Institute for Justice and Democracy in Haiti

Surreply to the US Government’s Response on UN Immunity

This is our final brief on the question of UN immunity. In it, the plaintiffs argue against the US government’s July 7th response to our previous opposition brief.

Part of the brief is below. Click here for the full version.


August 28, 2014


Plaintiffs respectfully submit this response to the Government’s Letter in Further Support of its Statement of Interest (the “Reply”) in this case seeking to hold the United Nations and its officers accountable for their role in precipitating the ongoing cholera epidemic in Haiti.

The Government’s Reply mischaracterizes the core issues before this Court as turning on whether Defendants have waived immunity under Section 2 of the CPIUN, adopted Feb. 13, 1946, 21 U.S.T. 1418, 1 U.N.T.S. 16.[1]  Waiver is not at issue here.  The core issue for this Court to decide is whether Defendants may enjoy immunity under Section 2 of the CPIUN when they have materially breached the treaty and refused to satisfy a condition precedent to the treaty’s immunity provisions.

The Government concedes that the CPIUN imposes an “obligation” on Defendants to provide a forum for Plaintiffs to assert their claims, and does not dispute that the Defendants have breached that obligation.  Reply at 4.  Yet the Government asks the Court to disregard the legal consequences of Defendants’ breach on the grounds that: 1) the violation does not prove that Defendants waived immunity under Section 2, and 2) Plaintiffs lack standing to assert the breach because they are not parties to the CPIUN.  Both arguments are unavailing.

Section 29’s condition that the UN “shall” provide modes of settlement of private law claims is mandatory and without exception under the plain text of the CPIUN, and constitutes a material term that cannot simply be ignored.  It is well established that a party that breaches or fails to satisfy a condition precedent of a contract cannot then enjoy the benefits of its bargain.  Here, Defendants may not selectively choose among the CPIUN’s benefits and obligations to evade accountability for private law torts.  Additionally, Plaintiffs have standing to assert that Defendants have committed this breach because they do so now in response to the Government’s claim of immunity, not as a basis for relief.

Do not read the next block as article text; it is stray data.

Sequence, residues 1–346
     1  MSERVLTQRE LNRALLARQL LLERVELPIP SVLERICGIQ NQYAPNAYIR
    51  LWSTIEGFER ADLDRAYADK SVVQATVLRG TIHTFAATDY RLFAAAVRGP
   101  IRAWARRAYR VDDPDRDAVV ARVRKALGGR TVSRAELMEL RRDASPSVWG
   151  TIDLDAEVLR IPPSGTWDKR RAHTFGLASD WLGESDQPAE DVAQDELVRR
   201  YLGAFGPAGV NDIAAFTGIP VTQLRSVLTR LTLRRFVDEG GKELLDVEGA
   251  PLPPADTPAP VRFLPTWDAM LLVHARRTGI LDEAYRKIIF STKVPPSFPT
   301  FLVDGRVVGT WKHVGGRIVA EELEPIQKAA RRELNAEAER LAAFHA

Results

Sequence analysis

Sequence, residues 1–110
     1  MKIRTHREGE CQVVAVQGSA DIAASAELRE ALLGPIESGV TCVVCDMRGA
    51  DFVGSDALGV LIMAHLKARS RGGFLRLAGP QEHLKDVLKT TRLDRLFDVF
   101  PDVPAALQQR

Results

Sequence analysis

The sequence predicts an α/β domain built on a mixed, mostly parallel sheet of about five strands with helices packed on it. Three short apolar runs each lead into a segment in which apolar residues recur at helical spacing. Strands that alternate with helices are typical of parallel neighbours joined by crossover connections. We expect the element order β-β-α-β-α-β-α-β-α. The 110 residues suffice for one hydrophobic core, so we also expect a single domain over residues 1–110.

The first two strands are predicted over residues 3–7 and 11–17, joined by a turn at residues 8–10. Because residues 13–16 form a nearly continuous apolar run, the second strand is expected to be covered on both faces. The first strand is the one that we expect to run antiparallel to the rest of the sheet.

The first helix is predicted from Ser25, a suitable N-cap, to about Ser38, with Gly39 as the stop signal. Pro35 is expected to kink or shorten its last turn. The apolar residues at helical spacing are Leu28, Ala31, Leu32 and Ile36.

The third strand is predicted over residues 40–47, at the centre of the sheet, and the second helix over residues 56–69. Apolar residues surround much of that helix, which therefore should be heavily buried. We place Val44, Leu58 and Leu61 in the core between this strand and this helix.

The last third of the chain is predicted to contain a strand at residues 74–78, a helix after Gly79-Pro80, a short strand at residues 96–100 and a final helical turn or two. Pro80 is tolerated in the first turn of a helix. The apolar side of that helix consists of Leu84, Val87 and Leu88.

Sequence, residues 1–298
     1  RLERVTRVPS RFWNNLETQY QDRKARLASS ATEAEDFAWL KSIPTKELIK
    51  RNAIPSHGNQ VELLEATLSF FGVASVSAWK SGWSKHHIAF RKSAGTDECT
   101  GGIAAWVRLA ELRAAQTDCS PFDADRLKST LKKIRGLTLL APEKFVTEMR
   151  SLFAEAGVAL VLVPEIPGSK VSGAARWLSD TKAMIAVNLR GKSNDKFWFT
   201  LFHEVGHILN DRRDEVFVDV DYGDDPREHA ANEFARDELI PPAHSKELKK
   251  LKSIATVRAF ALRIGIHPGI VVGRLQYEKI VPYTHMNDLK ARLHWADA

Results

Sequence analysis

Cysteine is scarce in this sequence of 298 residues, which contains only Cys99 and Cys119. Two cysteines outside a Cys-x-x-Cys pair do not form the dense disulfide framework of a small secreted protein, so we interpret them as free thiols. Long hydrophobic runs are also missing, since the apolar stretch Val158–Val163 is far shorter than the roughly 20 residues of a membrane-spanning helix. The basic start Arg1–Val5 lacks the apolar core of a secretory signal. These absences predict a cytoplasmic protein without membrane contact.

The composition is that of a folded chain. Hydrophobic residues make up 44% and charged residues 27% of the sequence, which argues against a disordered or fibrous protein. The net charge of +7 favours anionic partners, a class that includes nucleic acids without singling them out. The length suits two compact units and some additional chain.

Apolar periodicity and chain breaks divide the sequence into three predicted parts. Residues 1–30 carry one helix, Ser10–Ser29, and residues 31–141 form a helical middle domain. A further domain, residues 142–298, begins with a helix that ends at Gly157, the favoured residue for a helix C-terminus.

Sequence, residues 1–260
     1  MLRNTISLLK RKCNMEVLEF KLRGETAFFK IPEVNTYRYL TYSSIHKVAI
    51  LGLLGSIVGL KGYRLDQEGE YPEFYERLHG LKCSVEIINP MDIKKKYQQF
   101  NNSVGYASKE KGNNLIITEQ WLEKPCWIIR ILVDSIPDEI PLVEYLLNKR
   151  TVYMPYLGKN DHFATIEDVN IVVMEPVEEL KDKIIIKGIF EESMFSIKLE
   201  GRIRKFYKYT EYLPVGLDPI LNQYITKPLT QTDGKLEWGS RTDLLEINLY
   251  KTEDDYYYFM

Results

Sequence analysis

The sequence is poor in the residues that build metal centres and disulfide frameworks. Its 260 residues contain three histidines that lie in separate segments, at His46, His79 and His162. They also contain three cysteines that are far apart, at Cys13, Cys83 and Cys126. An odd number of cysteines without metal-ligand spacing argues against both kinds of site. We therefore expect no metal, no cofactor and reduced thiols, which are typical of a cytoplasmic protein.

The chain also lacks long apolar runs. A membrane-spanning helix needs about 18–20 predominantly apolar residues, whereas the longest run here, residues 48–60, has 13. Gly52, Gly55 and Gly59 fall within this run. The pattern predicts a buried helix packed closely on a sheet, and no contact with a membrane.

Accordingly, the Court should deny the Government’s request that this case be dismissed on the ground of immunity and affirm that service of process is proper.

[1]               Plaintiffs incorporate the abbreviations defined in their Memorandum of Law in Opposition to the Government’s Statement of Interest, filed on May 15, 2014 (hereinafter “Opposition”).


Click here for the full brief.

*CPIUN: Convention on Privileges and Immunities of the United Nations

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